Schenck said he has spent more time listening to people since his anti-abortion activism two decades ago.
“I hope everyone realizes the opening scene was a long time ago,” he said, referring to when he was holding a dead fetus. “My understanding of why people take the positions that they do on it … has changed significantly.”
Schenck said in an interview that religious leaders should speak out on the state level about who may obtain handguns, how many they obtain and how many rounds of ammunition one person can buy.
“I’m not saying self-defense is never an option for a Christian. I think it is,” he said. “But there’s an impulse toward lethal self-defense that’s contrary to Christian thinking and teaching.”
In the film, Schenck meets Lucy McBath, mother of an unarmed, black teenager who was killed in 2012 at a Florida gas station by a white man who claimed the protection of Florida’s “stand your ground” law. In 2014, Michael Dunn was convicted of first-degree murder of McBath’s son, Jordan Davis, who was 17 at the time of his death.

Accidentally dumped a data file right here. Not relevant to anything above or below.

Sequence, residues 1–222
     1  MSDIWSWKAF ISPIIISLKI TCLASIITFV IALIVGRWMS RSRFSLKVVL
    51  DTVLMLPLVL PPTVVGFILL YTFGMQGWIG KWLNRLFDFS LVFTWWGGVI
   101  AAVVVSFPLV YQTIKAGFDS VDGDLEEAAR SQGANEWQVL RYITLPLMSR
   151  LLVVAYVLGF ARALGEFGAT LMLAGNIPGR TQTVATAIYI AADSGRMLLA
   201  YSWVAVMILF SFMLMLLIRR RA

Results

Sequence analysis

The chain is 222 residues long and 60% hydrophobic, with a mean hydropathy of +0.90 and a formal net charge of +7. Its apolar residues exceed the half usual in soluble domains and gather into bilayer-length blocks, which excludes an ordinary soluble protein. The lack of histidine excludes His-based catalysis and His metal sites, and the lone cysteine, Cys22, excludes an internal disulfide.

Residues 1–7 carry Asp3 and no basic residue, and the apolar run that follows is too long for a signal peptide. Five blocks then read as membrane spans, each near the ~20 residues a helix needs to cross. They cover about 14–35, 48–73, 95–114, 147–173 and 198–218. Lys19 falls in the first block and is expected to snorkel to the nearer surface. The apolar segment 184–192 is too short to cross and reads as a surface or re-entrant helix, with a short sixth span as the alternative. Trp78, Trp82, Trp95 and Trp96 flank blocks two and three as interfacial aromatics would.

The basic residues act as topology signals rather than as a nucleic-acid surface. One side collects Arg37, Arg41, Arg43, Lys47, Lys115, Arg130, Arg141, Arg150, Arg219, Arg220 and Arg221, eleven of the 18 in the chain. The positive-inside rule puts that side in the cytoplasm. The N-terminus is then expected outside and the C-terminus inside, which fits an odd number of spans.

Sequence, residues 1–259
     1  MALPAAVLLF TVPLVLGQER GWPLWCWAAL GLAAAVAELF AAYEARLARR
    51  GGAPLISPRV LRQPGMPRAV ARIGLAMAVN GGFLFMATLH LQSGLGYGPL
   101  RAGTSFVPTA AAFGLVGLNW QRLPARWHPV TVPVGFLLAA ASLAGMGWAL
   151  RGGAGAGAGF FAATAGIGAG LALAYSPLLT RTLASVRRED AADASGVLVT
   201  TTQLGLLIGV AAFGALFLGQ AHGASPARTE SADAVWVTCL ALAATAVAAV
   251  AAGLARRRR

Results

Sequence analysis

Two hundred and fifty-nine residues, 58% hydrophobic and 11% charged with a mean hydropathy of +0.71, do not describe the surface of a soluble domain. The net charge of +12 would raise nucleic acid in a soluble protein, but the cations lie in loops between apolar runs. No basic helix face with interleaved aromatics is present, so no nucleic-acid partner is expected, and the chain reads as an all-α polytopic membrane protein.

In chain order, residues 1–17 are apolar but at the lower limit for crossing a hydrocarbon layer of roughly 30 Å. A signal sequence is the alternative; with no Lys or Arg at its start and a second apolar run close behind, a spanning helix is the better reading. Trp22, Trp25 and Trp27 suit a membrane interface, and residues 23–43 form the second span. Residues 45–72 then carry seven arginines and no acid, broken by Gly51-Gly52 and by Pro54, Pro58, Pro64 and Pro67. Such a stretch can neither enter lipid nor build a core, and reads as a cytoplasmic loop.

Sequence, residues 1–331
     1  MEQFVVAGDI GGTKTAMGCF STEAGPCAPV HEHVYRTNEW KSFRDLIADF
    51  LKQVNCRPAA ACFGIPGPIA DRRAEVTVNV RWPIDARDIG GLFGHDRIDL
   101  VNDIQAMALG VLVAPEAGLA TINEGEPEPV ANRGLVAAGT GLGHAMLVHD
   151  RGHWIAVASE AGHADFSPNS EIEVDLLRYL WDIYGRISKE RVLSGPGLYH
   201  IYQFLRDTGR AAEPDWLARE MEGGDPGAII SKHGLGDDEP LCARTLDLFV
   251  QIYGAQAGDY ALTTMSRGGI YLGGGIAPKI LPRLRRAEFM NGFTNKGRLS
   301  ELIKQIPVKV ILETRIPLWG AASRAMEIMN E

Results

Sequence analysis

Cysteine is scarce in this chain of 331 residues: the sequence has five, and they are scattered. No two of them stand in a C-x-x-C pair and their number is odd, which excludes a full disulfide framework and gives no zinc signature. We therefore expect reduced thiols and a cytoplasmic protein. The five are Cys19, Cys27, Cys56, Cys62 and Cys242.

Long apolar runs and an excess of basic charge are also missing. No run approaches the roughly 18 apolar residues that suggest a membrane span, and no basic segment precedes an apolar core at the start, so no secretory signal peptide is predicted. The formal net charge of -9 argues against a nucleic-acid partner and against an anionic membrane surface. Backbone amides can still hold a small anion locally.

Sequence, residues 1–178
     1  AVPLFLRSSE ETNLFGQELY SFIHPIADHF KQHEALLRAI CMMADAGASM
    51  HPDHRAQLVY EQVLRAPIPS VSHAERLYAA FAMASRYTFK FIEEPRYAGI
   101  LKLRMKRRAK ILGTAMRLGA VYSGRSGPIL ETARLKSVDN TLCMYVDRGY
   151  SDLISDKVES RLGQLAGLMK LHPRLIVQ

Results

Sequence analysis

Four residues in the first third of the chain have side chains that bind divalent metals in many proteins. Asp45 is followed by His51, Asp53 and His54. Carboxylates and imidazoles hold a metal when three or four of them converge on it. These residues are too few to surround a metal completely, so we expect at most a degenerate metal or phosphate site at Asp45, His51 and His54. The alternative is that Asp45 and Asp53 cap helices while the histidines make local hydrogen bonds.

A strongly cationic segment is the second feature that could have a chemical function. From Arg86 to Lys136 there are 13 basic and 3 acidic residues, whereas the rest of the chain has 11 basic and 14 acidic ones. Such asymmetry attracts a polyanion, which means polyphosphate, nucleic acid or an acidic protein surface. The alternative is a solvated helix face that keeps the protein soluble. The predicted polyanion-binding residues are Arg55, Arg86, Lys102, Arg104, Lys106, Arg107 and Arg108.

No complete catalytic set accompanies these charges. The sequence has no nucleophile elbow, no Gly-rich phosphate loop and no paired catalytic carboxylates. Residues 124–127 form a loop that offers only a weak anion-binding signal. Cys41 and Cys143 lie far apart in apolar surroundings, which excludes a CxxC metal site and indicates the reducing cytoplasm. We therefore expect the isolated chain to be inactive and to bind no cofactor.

After her son’s death, McBath became a national spokesperson for Moms Demand Action for Gun Sense in America. She asks Schenck for his public support as a fellow Christian on increased gun control.
“It’s so important, it’s so vitally important that you help,” McBath tells Schenck in the film. “They will listen to you. And I know it’s going to be hard for you.”
Schenck notes that a large number of evangelicals are members of the National Rifle Association, and he pays a visit to its convention during the film. “They are a very large factor in this,” he says.
We are in crisis in America, Schenck says in the film.
“The gun is almost an invitation to give into the temptation of fear,” he said. “And fear should not be a controlling element in the life of a Christian.”
Schenck said that his financial advisers are looking at the future of his organization. It has $130,000 less than it what it had this time last year.